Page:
Written By Angela Paschalides, Candidate Attorney and Chantelle Gladwin-Wood, Partner
In an attempt to alleviate the far-reaching consequences of the COVID-19 pandemic on the dwindling fiscus, the South African Revenue Service (“SARS”) has embarked on a revision of certain key aspects of the personal income tax filing procedure for the 2020 season.
This article will consider the key changes that have been implemented by SARS and will outline the administrative penalties imposed in terms of Section 210 of the Tax Administration Act 28 of 2011 (the “Act”) for non-submissions of tax returns in respect of individuals.
Changes to Filing Season
In a media briefing earlier this year, SARS commissioner, Edward Kieswetter, announced the implementation of a complete restructure to the SARS filing system. Effectively, the 2020 filing season for personal taxes would occur in 3 phases. The first phase took place from 15 April 2020 to 31 May 2020 and was allocated to employers and other third-party data providers, such as banks, insurance companies and medical schemes (“Phase One”).
The second phase took place from 1 June 2020 to 31 August 2020, during which taxpayers were granted the opportunity to change and update their personal information on the SARS system. Further, based on the information provided in Phase One, SARS issued ‘auto-assessments’ to individual taxpayers. These ‘auto-assessments’ included a draft assessment of the taxpayer’s tax return. For those that accepted the draft assessment, there would be no need to file a further tax return (“Phase Two”).
The final phase of the filing system has now commenced and will run from 1 September 2020 to 29 January 2021. This phase will allow those taxpayers who have not been assessed or who have not accepted an ‘auto-assessment’, to file their tax returns via digital platforms and for those who cannot do so digitally, branch visits will be allowed by appointment only (“Phase Three”).
Failure to Submit Tax Returns
In terms of Phase Three, the closing date for taxpayers who elect to file at a SARS branch will be 22 October 2020, for those making use of the digital platforms, 16 November 2020 and 29 January 2021 for all provisional taxpayers who file electronically.
Individuals required to submit a tax return, but who fail to do so timeously, will be required to pay an administrative penalty. An administrative penalty is a penalty levied under section 210 of the Act. The Act prescribes fixed administrative penalties for various forms of non-compliance and explains in section 210(2) that, “non-compliance is failure to comply with an obligation that is imposed by or under a tax Act…”
The administrative penalty for non-compliance includes fixed amount penalties and is calculated per incidence of non-compliance. These fixed amount penalties can be found in the ‘Fixed amount penalty table’ under section 211 of the Act. The amount of the penalty is based on the taxpayer’s assessed loss or taxable income for the preceding year and can range from R250.00 to R16 000.00 a month. The penalty will reoccur every month that the return/s remain outstanding, for a maximum of 35 months.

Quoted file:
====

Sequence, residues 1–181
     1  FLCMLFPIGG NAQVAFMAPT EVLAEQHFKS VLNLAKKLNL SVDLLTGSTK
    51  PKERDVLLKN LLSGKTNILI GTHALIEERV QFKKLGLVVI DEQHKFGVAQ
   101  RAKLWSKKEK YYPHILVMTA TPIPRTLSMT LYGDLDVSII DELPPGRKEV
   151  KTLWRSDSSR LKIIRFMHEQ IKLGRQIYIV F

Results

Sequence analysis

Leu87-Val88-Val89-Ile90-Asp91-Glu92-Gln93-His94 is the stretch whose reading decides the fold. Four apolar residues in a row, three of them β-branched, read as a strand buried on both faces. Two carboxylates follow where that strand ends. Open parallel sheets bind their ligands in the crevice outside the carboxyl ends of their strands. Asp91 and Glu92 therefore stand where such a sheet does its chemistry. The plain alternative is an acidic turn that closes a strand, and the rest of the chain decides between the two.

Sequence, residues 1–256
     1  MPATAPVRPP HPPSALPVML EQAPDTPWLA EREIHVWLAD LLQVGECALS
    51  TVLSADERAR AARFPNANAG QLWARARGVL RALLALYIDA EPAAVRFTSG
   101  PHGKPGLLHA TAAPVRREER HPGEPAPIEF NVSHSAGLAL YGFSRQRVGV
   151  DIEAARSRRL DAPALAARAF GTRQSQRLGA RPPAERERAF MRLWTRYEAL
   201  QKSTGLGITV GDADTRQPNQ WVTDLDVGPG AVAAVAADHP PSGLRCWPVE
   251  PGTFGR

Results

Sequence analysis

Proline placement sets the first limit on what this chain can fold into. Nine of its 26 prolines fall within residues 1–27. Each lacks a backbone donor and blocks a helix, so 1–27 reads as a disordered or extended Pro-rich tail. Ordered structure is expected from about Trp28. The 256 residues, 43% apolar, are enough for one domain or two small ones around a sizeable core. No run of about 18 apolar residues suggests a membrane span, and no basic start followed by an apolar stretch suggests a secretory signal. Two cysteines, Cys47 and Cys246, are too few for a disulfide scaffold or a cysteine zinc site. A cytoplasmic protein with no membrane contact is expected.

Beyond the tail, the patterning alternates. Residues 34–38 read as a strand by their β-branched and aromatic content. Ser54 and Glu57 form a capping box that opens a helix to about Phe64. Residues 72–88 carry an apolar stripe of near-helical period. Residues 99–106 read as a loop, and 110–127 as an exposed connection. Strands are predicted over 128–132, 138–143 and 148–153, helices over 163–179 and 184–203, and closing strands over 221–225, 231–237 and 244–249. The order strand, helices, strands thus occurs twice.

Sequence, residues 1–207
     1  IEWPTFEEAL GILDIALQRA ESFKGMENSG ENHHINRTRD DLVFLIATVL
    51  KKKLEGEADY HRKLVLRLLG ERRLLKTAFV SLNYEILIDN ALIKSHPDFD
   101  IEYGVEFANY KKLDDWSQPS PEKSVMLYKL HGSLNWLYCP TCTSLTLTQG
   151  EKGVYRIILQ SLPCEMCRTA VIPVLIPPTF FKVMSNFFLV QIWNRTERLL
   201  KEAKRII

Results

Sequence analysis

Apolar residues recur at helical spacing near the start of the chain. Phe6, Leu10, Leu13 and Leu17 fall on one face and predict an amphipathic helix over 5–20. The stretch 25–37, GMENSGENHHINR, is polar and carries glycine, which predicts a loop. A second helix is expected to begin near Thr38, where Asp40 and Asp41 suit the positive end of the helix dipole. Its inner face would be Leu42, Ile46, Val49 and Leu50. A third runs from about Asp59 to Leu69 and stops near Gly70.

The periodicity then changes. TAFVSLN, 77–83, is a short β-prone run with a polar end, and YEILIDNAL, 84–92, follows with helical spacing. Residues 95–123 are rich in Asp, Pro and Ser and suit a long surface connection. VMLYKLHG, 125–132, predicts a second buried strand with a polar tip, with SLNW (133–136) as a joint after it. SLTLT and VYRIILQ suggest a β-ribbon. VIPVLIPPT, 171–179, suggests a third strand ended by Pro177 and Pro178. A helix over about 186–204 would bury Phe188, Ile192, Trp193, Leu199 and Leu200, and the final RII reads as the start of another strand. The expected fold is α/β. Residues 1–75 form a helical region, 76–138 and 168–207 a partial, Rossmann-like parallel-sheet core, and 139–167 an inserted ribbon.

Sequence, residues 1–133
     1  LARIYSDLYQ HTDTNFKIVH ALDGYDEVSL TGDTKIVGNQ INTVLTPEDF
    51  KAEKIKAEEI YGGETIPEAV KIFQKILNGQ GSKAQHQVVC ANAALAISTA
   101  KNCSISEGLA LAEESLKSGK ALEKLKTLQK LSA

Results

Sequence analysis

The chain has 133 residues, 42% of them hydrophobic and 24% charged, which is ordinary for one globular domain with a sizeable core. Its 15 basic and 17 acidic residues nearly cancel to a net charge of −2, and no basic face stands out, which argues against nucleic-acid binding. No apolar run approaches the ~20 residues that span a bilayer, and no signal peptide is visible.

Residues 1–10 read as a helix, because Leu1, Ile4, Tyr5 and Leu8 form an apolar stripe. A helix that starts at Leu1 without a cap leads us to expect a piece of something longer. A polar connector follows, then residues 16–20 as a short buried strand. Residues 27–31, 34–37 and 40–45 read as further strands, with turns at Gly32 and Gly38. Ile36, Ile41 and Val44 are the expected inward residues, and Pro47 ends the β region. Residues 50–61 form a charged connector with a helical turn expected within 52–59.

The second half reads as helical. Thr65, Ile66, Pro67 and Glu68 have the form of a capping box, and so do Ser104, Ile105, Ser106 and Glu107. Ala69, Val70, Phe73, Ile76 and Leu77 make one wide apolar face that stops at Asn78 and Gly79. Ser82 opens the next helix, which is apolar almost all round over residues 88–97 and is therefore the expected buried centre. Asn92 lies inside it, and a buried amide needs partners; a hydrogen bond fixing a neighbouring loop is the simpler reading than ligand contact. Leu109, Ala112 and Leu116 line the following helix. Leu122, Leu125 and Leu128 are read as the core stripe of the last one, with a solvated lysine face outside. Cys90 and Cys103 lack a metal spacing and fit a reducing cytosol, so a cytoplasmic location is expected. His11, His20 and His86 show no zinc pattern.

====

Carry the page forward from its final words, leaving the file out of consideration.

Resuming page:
Procedure for Imposing Penalty
Section 214 of the Act prescribes that a penalty must be imposed by way of a ‘penalty assessment’ and if made, SARS is required to give notice of such ‘penalty assessment’ to the non-compliant taxpayer. Section 214(1) provides that such notice must include the following information:
- the non-compliance for which the penalty is assessed and its duration;
- the amount of the penalty imposed;
- the date for paying the penalty;
- the automatic increase of the penalty; and
- a summary of the procedures for requesting remittance of the penalty.
The penalty must be paid by the taxpayer on or before the date for payment stipulated in terms of point ‘c’ of the ‘penalty assessment’ notice.
Remittance of Penalty
In the event that a taxpayer chooses to dispute an administrative penalty levied for non-compliance, a request for remission may be submitted wherein the taxpayer must provide reasons for their non-compliance. Section 215(2) of the Act provides that a ‘remittance request’ must include:
- a description of the circumstances which prevented the person from complying with the relevant obligation under a tax Act in respect of which the penalty has been imposed; and
- the supporting documents and information as may be required by SARS in the prescribed form.
It is vitally important that South African taxpayers take advantage of new innovations that make complying with their tax obligations simpler and faster. As SARS commissioner, Edward Kieswetter, reiterated, “now, more than ever before, taxpayers need to remain compliant”.
It is advisable that taxpayers comply with all the relevant tax return submission deadlines as outlined above. Maintaining a status of compliance with SARS will ensure that no administrative penalties are levied against you, thus actually saving you money in the grand scheme of taxes. Should you require assistance in ensuring your compliance this filing season, we strongly recommend seeking advice from a professional tax consultant.
Please note: this article is for general public information and use. It is not to be considered or construed as legal advice. Each matter must be dealt with on a case by case basis and you should consult an attorney or tax consultant before taking any action contemplated herein.